I talk to people everyday that tell me that a creditor has offered to settle their debt for less than what they owe. unfortunately these creditors rarely tell the whole truth about how much settling their debt will actually cost. When a creditor cancels a portion of a debt, they report the amount of the cancelled debt to the IRS as income. At the end of the year the person who thought that they had paid off the debt find that the cancelled debt has increased their income tax obligation.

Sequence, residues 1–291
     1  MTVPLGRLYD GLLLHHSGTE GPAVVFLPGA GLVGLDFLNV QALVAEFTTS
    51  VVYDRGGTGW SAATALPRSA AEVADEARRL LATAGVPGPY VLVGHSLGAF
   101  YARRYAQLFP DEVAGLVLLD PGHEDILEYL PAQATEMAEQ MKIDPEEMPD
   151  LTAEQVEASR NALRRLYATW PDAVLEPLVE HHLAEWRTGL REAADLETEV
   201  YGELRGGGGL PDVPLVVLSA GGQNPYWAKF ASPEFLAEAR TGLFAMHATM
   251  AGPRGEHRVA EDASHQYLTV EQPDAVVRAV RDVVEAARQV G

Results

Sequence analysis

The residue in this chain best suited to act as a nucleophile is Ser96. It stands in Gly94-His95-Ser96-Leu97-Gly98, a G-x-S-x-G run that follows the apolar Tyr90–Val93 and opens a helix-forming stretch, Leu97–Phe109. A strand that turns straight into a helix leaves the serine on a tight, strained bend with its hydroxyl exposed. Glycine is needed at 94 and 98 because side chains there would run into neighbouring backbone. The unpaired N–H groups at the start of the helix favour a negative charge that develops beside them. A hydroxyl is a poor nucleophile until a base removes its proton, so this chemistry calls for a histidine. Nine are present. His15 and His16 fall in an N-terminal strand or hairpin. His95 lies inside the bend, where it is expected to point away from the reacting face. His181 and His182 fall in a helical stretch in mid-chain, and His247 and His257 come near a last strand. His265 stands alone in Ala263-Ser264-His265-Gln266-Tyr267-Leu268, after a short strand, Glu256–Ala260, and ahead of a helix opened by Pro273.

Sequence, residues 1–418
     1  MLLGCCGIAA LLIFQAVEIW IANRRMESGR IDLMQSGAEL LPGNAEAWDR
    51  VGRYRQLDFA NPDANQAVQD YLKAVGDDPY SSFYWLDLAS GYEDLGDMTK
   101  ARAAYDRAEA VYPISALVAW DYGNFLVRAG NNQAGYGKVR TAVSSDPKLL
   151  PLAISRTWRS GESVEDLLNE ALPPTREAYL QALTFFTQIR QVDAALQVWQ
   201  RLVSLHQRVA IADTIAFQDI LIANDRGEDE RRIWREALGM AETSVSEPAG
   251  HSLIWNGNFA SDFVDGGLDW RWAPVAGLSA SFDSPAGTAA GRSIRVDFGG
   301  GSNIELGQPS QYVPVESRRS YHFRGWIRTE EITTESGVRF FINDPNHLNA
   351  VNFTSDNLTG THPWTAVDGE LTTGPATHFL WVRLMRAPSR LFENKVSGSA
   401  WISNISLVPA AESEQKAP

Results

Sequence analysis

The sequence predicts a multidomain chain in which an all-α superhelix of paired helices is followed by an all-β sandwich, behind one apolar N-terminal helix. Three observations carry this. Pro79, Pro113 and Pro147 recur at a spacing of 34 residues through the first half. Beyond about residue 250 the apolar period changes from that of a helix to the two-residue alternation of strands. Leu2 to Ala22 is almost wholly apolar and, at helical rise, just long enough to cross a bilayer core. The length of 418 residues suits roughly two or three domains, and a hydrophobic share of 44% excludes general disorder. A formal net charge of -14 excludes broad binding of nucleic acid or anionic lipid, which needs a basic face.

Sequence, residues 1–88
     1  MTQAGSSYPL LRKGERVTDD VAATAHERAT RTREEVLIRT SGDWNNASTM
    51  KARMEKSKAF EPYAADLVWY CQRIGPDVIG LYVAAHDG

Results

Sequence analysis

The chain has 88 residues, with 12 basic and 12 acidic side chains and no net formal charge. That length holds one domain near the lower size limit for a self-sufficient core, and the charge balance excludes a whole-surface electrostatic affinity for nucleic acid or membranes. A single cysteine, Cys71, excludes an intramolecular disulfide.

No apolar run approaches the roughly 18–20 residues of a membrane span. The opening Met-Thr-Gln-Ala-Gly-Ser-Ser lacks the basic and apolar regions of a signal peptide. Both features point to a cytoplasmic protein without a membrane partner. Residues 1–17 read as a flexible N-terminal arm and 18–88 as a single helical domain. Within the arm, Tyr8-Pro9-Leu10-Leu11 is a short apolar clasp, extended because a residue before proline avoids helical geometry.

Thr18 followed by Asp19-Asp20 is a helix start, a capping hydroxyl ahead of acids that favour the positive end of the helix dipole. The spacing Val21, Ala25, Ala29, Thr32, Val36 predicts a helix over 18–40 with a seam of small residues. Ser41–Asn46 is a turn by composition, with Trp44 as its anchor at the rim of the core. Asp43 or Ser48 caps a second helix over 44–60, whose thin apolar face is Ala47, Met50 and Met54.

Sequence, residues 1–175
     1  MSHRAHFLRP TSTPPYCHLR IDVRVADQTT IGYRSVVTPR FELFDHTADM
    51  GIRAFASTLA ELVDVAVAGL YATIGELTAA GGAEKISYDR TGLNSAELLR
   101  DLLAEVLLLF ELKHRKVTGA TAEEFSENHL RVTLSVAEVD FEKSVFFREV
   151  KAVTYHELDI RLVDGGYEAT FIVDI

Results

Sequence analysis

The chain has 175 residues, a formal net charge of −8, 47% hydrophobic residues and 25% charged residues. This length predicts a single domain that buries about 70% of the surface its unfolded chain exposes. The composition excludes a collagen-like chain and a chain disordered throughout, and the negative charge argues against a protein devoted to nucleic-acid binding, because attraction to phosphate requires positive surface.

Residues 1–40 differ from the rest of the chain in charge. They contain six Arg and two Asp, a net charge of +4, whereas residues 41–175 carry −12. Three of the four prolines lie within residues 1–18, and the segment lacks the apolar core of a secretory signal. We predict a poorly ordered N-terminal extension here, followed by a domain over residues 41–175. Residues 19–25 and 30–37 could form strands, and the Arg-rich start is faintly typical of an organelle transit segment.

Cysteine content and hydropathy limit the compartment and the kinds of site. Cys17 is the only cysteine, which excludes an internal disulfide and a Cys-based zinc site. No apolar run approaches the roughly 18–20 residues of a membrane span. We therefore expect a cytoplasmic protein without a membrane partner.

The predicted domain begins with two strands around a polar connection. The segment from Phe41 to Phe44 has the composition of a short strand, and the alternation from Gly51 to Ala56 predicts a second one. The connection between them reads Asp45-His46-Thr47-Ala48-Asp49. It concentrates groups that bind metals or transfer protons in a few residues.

In addition, settling a debt usually requires the person to pay the settlement amount in a lump sum. But while the debtor is saving to pay the lump sum, their other debts are still accruing interest and fees. By the time the debtor has saved the money to settle the first debt, their other debts have increased due to the interest and fees. Debt settlement may be a good option in some situations, but for most people it causes them to go further in debt.
Before deciding whether debt settlement is in your best interest, you should talk to a professional experienced in helping consumers resolve their financial difficulties. Debtors should carefully consider their options, including settlement of debt, filing bankruptcy, and reorganizing debts through refinancing existing debts or pursuing a short sale on their real estate.